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PoliticsIndiaDabur pulls down Karwa Chauth ad with woke messaging

Dabur pulls down Karwa Chauth ad with woke messaging

Dabur said in a statement that the company was 'unconditionally' apologising for 'unintentionally hurting people's sentiments'

In the latest series of removing advertisements after taking the Hindus for granted, using occasions and sacred signs of the community as vehicles to deliver woke messages, FMCG company Dabur has pulled down the Fem bleach commercial featuring a same-sex after Madhya Pradesh Home Minister Narottam Mishra warned the brand of legal action.

In the said advertisement, two apparently lesbian women are shown getting ready for their first Karwa Chauth. While one woman is applying the bleach on the other’s face, one tells the other that the occasion is observed to make the “husband” happy whereas the ad features no man. Another woman, apparently playing the mother of one of the women, joins the two and gives each one a saree to wear at night.

In the end, the ad shows both women facing each other with the traditional sieve and a decorated thali with water in front of them, thus signifying that they are each other’s partners. Social media users had questioned whether the company or the makers of the commercial would dare send across such messages using symbols, signs or occasions of Muslims.

Married Hindu women of northern India celebrate Karwa Chauth by fasting the entire day and praying for a long life for their husbands. That the ‘husband’ could be a woman is unacceptable to the traditional society that has otherwise accepted the reading down of Section 377 by the Supreme Court of India, which decriminalised homosexuality.

Dabur pulled down the ad and issued an apology. In its statement, Dabur said: “Fem’s Karwa Chauth campaign has been withdrawn from social media handles and we unconditionally apologise for unintentionally hurting people’s sentiments.”

The Madhya Pradesh minister had said that the advertisement was objectionable. He said, “Today they are showing lesbians breaking their Karwa Chauth fast tomorrow they may show two men getting married. I have directed the DGP to examine the advertisement and ask the company to remove it.”

Madhya Pradesh happens to be the state where, following an ink attack on filmmaker Prakash Jha and vandalism of the sets of the Hinduism-defaminh web series Ashram, the provincial government has made a policy that no other film crew will be allowed to shoot unless the script is approved by the district collector in whose area the permission for shooting has been sought.

Earlier this month, clothing brand FabIndia had to withdraw its campaign that promoted its upcoming range of festive attire after getting flak over the name of the collection — ‘Jashn-e-Riwaaz’ (sic). A large section of Hindus had questioned if the company established by a Christian financed by CIA’s front would like to reduce the occasion to a mere custom. Riwaj (transliterated wrongly in the ad) is a word of Persian origin, which means “custom”.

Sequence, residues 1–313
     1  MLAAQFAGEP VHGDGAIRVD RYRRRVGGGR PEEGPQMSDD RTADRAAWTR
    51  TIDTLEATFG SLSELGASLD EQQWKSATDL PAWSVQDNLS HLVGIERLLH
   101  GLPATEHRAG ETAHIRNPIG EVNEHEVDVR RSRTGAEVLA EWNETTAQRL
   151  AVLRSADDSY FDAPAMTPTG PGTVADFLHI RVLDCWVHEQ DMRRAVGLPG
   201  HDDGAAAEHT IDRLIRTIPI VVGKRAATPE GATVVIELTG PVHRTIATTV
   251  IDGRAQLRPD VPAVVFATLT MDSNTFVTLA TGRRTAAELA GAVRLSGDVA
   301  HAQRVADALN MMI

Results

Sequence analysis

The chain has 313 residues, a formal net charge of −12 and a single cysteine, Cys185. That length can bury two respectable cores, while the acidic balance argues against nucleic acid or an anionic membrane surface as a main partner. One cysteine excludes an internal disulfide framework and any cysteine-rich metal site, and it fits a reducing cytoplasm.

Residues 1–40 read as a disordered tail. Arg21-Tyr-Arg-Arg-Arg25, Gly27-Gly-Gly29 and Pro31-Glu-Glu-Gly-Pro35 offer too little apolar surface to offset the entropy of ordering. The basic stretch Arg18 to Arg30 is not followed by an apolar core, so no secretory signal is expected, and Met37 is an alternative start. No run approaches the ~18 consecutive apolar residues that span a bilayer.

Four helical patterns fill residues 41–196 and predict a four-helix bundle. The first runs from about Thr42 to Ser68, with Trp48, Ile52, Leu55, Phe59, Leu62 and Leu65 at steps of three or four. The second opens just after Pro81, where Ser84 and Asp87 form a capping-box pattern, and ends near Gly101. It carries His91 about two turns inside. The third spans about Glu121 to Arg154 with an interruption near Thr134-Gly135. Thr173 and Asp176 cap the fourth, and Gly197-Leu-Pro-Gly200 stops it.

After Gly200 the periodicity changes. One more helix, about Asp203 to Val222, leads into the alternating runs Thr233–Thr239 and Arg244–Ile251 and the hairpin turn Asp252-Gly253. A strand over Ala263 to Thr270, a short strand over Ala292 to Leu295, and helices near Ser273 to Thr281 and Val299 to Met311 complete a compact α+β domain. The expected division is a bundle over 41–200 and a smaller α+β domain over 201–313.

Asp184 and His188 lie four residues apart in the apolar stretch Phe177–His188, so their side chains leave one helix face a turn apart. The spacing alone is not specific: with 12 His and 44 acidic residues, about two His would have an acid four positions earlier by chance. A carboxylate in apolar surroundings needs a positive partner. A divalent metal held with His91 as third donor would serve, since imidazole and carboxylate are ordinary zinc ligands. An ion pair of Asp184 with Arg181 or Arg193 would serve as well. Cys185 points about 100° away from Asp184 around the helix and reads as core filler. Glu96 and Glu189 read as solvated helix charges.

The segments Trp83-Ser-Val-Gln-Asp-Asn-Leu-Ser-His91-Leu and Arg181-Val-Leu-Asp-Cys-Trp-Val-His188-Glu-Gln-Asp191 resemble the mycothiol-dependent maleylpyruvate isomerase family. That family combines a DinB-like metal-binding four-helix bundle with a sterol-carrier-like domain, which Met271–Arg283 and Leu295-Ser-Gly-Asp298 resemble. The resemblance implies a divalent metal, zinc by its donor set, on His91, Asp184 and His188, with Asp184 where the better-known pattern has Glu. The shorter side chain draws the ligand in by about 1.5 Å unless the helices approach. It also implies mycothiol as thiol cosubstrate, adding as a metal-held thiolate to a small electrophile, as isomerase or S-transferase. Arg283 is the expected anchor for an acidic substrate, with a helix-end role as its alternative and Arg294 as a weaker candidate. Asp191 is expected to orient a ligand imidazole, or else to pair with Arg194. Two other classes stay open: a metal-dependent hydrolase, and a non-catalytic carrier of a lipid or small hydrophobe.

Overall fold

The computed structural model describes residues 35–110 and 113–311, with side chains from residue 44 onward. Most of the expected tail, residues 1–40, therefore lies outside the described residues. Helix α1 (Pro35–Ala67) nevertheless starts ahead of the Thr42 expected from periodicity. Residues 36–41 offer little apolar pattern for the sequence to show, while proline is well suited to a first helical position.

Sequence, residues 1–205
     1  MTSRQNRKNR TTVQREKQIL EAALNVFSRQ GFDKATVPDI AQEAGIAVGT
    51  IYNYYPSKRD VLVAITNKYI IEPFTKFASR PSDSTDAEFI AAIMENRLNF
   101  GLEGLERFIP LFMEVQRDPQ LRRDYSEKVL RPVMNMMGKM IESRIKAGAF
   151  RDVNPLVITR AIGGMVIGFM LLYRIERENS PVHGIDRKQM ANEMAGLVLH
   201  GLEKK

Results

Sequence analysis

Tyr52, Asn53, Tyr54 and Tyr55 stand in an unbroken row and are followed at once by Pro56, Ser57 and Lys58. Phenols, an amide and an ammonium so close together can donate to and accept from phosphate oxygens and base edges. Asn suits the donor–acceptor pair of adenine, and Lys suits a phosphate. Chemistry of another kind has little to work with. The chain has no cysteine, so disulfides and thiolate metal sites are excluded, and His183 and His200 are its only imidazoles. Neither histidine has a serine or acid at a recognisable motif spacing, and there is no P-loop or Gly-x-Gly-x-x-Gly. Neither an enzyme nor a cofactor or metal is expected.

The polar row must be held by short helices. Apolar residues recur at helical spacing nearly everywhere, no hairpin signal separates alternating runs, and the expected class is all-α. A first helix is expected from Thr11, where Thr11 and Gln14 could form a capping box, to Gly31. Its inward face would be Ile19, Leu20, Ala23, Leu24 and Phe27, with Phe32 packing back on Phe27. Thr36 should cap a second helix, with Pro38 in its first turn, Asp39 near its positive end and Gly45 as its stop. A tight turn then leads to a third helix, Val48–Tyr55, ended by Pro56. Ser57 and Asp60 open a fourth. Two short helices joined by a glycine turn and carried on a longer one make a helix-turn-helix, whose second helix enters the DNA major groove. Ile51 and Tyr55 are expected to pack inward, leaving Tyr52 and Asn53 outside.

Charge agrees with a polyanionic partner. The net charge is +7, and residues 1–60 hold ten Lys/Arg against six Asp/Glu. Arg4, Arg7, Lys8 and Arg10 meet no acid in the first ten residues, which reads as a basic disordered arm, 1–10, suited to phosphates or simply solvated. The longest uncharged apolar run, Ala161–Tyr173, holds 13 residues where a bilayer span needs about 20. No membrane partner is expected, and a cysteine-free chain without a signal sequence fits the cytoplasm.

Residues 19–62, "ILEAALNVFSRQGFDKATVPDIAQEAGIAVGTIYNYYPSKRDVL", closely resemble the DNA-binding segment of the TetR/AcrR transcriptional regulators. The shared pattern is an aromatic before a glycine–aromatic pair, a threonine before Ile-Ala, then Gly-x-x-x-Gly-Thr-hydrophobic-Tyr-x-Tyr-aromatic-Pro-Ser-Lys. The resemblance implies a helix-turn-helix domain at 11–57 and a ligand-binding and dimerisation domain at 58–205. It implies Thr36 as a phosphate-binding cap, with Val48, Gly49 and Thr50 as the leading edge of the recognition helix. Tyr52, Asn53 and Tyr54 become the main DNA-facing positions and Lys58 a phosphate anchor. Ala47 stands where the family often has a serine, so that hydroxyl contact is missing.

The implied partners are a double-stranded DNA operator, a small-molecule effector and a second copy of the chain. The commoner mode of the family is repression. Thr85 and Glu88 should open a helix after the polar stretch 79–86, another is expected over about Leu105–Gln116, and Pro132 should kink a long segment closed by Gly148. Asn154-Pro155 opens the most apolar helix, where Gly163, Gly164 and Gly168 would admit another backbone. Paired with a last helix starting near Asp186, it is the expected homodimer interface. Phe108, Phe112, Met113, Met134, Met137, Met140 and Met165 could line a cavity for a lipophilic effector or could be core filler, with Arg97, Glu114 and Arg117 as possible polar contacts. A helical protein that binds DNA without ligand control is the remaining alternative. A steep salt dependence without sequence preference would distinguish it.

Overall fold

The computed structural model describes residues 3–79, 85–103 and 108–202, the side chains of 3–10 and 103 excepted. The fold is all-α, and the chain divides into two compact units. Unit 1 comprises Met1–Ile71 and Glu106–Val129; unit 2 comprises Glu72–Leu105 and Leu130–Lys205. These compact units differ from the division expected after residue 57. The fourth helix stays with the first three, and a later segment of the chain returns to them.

Hindus also questioned why the women seen in the FabIndia ad were not sporting a bindi on their foreheads, normally expected of unmarried and married women from the community, especially when they are dressed in traditional attire.

A few days ago, tyre brand Ceat faced backlash for an ad featuring actor Aamir Khan. BJP MP Anantkumar Hegde accused the company of causing “unrest among Hindus” through the ad that shows Aamir Khan advising people not to burst crackers on the streets.

Hegde asked the company to address the “problem of blocking roads for offering Namaaz and the noise emitted from mosques during Azan”.

The previous week, apparel brand Manyavar courted controversy with an advertisement that painted Hindu rituals and customs as ‘regressive’. The advertisement featuring Alia Bhatt portrayed ‘Kanyadaan’ as an oppressive practice and suggested ‘Kanyamaan’ was a better alternative. Hindus questioned whether the ad maker had any idea what the Sanskrit term daana meant, giving examples of vidyadaana (teaching), shramadaana (labour), pindadaana (paying homage to dead ancestors), etc and asking how these daanas were not the same as maana (giving respect).

Even earlier, a Surf Excel ad showing Hindus respecting a Muslim boy’s sentiments by not playing with colours on the day of Holi had caused outrage across social media users.

Then there was a Tanishq ad that seemed to promote love jihad. The Dabur Fem ad was only the latest in a long series of the corporate sector manipulating Hindus for furtherance of what they believe is progressive thinking.

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